“I stretch my hand out to touch Evan Early’s tiny one. His dandelion stem fingers curl around mine.”
Natalie’s happy anticipation of the birth of her brother turns to worry and confusion when he is born prematurely. To help ease her mind, Natalie’s father gives her a calendar to color in the days as they wait for Evan to come home.
“Prematurity can be a stressful time for other siblings in the family, especially if they are young children, since they are often excluded from the NICU due to health concerns. This books is a useful tool for bridging the gap between sibling and preemie, even before the preemie comes home for the first time. Waiting is hard on everyone, but author Rebecca Hogue Wojahn tries to make it a little easier for siblings of preemies by gently explaining what the fuss of the NICU is all about.”
“…sensitive, real and valuable, especially in that the story does not end with an outcome, but with Evan still in the NICU.”
–Liza G. Cooper, March of Dimes NICU Family Support National Director
“An outstanding picturebook for children ages 4 to 8…a prized addition to any school or community library picturebook collection, Evan Early is especially recommended to the attention of parents anticipating the birth of a little sibling for their older child who will no longer be an only child when their little sibling arrives.”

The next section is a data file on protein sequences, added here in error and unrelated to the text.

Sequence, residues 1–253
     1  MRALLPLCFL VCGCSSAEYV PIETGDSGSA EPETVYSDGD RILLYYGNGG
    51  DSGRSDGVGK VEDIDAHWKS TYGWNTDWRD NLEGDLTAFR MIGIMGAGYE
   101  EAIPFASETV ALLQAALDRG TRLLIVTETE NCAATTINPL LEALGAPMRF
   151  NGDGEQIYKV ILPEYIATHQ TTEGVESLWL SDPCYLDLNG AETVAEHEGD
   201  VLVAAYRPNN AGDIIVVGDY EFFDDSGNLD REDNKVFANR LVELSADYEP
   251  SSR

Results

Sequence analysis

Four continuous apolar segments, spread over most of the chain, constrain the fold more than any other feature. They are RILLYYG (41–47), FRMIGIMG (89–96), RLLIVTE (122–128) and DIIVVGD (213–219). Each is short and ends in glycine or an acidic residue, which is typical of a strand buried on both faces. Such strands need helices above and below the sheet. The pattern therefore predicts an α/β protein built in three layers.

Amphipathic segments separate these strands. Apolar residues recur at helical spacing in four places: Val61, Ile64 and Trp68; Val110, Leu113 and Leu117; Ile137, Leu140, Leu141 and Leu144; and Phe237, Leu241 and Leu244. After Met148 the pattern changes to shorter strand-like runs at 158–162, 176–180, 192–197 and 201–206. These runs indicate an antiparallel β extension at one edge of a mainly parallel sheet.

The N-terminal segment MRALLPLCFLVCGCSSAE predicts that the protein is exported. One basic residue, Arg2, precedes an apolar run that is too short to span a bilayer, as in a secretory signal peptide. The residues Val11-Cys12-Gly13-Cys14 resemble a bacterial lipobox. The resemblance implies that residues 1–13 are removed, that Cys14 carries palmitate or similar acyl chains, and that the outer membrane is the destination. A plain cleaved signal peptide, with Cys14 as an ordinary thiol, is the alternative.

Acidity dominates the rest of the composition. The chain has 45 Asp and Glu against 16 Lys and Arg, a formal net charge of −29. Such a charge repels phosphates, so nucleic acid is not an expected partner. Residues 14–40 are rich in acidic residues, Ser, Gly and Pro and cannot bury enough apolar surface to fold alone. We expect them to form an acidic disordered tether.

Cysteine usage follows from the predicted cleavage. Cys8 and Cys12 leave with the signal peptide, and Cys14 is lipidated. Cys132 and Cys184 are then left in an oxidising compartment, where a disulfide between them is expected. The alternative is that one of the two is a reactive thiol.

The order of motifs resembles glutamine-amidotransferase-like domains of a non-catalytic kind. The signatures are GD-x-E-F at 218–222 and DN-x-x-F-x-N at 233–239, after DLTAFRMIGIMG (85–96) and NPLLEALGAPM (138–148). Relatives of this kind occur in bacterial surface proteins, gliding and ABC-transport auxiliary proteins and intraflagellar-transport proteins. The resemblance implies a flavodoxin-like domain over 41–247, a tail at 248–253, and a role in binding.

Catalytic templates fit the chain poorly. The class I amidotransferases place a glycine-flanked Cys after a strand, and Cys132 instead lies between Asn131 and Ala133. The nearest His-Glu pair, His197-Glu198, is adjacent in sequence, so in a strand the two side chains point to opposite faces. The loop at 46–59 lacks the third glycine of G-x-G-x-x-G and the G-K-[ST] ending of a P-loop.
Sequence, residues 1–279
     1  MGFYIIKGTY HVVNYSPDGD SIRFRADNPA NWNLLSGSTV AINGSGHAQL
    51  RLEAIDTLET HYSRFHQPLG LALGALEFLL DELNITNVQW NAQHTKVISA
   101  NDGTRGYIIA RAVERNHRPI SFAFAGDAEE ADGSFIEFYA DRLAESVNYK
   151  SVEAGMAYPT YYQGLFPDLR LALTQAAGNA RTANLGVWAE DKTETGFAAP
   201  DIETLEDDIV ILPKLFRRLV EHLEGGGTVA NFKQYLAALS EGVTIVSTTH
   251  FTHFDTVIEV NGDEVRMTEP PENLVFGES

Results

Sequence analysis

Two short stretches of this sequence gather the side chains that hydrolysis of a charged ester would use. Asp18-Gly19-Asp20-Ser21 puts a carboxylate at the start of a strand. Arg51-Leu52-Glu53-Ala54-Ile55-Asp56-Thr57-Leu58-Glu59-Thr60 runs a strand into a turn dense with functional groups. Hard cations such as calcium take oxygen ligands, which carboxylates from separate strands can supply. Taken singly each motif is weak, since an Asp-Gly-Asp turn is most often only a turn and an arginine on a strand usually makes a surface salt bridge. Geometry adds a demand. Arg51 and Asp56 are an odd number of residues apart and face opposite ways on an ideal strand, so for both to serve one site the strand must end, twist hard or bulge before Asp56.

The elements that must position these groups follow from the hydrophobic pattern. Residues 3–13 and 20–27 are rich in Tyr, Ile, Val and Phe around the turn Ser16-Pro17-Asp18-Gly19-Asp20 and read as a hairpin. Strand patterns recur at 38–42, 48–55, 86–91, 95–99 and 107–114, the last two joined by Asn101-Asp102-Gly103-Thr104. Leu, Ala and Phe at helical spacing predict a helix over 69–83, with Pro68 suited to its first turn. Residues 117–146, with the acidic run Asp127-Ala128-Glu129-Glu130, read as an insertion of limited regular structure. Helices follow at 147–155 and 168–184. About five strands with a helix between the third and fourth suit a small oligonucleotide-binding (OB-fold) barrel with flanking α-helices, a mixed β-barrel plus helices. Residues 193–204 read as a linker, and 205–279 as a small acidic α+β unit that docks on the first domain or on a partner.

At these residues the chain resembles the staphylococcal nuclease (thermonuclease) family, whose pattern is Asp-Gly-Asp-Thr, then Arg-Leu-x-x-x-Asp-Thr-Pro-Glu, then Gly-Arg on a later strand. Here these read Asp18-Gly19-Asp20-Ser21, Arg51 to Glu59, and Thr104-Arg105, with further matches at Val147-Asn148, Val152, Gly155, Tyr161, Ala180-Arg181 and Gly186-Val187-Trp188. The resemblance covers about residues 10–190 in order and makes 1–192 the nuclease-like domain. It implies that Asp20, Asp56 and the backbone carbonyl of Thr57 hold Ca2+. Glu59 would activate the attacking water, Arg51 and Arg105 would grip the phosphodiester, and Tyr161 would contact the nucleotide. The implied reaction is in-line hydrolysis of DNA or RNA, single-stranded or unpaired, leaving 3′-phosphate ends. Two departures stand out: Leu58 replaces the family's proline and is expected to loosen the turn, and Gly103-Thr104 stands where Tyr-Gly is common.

“Reassures children that they are not alone and portrays just enough suggestion of the NICU medical setting to satisfy young readers’ curiosity.”
–Developmental Disabilities Nurses Association NewsNetwork
Why I Wrote THIS Story
Although I’ve never had a child born prematurely, there’s a lot of me in this book. Both my kids have had health complications where the outcomes were unknown. Like Natalie, all I could do was wait.
When one of my friends had her baby very early, I wanted to give her older son something to help him understand. Being a librarian, I immediately thought of a book. But there wasn’t a lot out there that was very current. So I decided to try writing one myself.